Kusserow on Compliance: CMS releases Medicaid bulletin addressing opioid crisis

CMS has released an Informational Bulletin that provides states with information they can use when designing approaches to covering critical treatment services for Medicaid eligible infants with Neonatal Abstinence Syndrome (NAS), recognizing the serious problem of babies born with an addiction to drugs passed on from their mothers. CMS noted that Medicaid services can play a critical role in helping ensure access to treatment for these vulnerable infants who have Neonatal Abstinence Syndrome (NAS). Neonatal Abstinence Syndrome (NAS) is a postnatal drug withdrawal syndrome that occurs primarily among opioid-exposed infants shortly after birth. Experts consider NAS to be an expected and treatable result of women’s prenatal opioid or other substance use, although long term ramifications for the infants are still unknown. CMS noted an average of one infant born with NAS every 25 minutes in the United States and roughly 80 percent of infants treated for NAS receive their care through Medicaid. Appropriate treatment using the best evidence-based practices can help these infants withdraw from opioids and other substances and lead healthier lives. NAS treatment may occur not only in hospitals, but also in other settings.  In addition to Medicaid-covered treatment for infants, it is important for states to involve mothers and other caregivers in the infant’s care, as appropriate. The use of interventions like swaddling, quiet environments, little stimulation, skin-to-skin contact, and other environmental approaches are critical first-line care for these infants.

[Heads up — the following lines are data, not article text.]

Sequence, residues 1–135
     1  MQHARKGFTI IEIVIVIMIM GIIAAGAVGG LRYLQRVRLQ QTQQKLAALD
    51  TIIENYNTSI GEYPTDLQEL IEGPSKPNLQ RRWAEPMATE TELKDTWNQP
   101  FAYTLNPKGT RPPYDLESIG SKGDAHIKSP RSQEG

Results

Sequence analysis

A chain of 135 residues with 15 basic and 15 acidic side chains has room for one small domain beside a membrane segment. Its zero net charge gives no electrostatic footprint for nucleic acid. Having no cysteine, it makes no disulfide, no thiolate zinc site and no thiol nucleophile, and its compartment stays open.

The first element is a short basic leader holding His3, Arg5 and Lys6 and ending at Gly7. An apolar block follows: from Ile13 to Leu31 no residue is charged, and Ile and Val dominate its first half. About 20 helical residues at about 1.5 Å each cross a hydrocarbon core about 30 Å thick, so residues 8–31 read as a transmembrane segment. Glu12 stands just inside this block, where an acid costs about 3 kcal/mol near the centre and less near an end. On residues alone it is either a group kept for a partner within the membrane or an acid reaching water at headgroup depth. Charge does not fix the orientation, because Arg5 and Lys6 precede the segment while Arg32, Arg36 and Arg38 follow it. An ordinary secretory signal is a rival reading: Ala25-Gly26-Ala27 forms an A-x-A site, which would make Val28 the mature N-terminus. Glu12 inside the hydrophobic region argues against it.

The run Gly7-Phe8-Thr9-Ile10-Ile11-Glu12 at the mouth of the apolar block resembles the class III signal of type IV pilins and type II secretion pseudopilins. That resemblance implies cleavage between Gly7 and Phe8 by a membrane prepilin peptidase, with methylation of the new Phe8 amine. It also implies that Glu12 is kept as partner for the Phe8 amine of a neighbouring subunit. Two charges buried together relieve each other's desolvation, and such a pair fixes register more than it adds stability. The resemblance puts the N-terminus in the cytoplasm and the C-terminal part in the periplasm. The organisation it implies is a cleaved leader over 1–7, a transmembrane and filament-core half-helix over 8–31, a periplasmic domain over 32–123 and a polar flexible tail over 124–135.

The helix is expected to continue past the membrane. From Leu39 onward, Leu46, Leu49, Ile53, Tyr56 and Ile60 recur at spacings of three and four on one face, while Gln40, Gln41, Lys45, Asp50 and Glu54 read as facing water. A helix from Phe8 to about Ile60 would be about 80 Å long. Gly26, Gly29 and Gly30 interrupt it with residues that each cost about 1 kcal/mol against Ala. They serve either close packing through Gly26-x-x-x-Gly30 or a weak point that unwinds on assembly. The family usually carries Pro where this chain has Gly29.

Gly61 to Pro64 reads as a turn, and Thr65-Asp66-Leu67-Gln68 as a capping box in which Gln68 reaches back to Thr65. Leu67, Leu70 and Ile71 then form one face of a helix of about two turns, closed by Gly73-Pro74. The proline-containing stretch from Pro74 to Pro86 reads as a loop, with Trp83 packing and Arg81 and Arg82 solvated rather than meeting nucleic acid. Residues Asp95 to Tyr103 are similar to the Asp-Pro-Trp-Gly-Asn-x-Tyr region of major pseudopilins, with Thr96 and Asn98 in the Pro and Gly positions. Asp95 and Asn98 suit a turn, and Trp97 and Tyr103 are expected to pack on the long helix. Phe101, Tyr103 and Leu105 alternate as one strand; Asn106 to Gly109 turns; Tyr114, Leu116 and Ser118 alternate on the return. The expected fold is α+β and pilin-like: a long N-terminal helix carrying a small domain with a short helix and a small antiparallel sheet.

The CMS opioid technology guidance further advises states on which funding authorities may support health information technology efforts that could be used for the prevention and treatment of negative opioid outcomes. States may access enhanced federal funding to integrate innovative substance abuse treatment in areas facing provider shortages, particularly in rural areas, such as virtual treatment centers or remote counseling, into Medicaid care coordination technologies. They also describes how states can draw federal support for shared electronic care plans, which allows patients and providers to view and update a shared care plan describing goals for pain management regimens and counseling, and could complement Medication Assisted Therapy (MAT).

The letter describes how states might draw federal financing to support recommendations, such as integrating prescription drug monitoring systems data into EHRs and supporting interstate data sharing and electronic prescribing of controlled substances. In addition, the letter shows how states might use systems and funding to support advanced analytics for those looking to leverage data sources to create prediction models of patients at risk for opioid dependency and connect them with appropriate case management.


Richard P. Kusserow served as DHHS Inspector General for 11 years. He currently is CEO of Strategic Management Services, LLC (SM), a firm that has assisted more than 3,000 organizations and entities with compliance related matters. The SM sister company, CRC, provides a wide range of compliance tools including sanction-screening.

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